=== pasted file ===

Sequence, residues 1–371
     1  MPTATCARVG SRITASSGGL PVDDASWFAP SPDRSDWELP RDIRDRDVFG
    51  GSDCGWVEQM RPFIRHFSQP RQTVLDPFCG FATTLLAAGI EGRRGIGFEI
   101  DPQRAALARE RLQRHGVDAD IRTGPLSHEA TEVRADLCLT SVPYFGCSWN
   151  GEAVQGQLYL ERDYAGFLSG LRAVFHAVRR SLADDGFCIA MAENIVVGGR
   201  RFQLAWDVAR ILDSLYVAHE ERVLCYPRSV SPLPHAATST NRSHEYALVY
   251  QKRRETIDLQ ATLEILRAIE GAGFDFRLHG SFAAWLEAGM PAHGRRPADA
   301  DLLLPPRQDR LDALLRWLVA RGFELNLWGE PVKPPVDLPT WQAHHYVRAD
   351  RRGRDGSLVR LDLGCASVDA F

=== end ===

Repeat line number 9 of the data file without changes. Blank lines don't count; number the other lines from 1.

   351  RRGRDGSLVR LDLGCASVDA F